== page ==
of consumers (whether individuals or businesses), either
in differentiation from competitors or for trustmarks
enough to enjoy economies of scale in marketing and
perspective is provided in Web Seals: A Review of Online
Privacy Programs, a 2000 report
by the Office of the Information & Privacy Commissioner
in Ontario and the Australian Federal Privacy Commissioner,
and by Anna Nöteberg's 1999 dissertation (PDF)
Trusting the Web? Web Assurance Seals for an Improved
Electronic Commerce Environment. The 2003 paper
Your Privacy is Assured - Of Being Invaded: Web Sites
With & Without Privacy Seals by Robert LaRose
& Nora Rifon noted that
is perhaps ironic that the Web sites that seek to publicize
their concern for consumer privacy by displaying privacy
seals were actually more likely to intrude on privacy,
at least in terms of the amount of personal information
that they requested from consumers. And, aside from
a greater tendency to deposit cookies, the unsealed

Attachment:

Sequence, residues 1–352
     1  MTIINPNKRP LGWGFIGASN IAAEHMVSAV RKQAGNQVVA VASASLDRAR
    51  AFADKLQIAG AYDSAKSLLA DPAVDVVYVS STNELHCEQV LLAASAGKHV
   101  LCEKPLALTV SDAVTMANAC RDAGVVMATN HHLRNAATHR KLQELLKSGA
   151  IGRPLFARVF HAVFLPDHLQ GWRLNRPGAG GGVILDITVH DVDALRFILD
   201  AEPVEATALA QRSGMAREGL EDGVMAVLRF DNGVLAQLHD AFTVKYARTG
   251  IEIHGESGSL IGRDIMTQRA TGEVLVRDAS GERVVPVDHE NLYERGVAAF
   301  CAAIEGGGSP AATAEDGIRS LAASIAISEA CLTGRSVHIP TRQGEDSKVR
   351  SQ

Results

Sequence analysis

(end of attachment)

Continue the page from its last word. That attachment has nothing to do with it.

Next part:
sites were no more likely to invade users’ physical
privacy through involuntary intrusions on their computers.
Naïve consumers who view seals as a form
of privacy protection may thus be disappointed.
highlighted other research regarding trustmarks in the
for this page.
For a vision, which we find unconvincing, that consumers
will embrace trustmarks and then seek "lovemarks"
see the interview
with Saatchi & Saatchi's Kevin Roberts. In practice it
is likely that major brands such as IBM, Amazon.com, ColesMyer,
Dell or LandsEnd have sufficient credibility (and recognition
among consumers) to obviate the need for trustmarks.
In practice there are five concerns about privacy statements
they are disregarded by the site operator
can't be readily found by a visitor to a site
can't be readily accessed and copied by most users for
study or later reference (eg comprise several pages
of text that is presented within a small box on a page
and cannot be printed)
written in legalese and/or formatted to minimise use
(eg very fine print,
all upper case, no subheadings or paragraphs)
a useful demonstration of some of the practical issues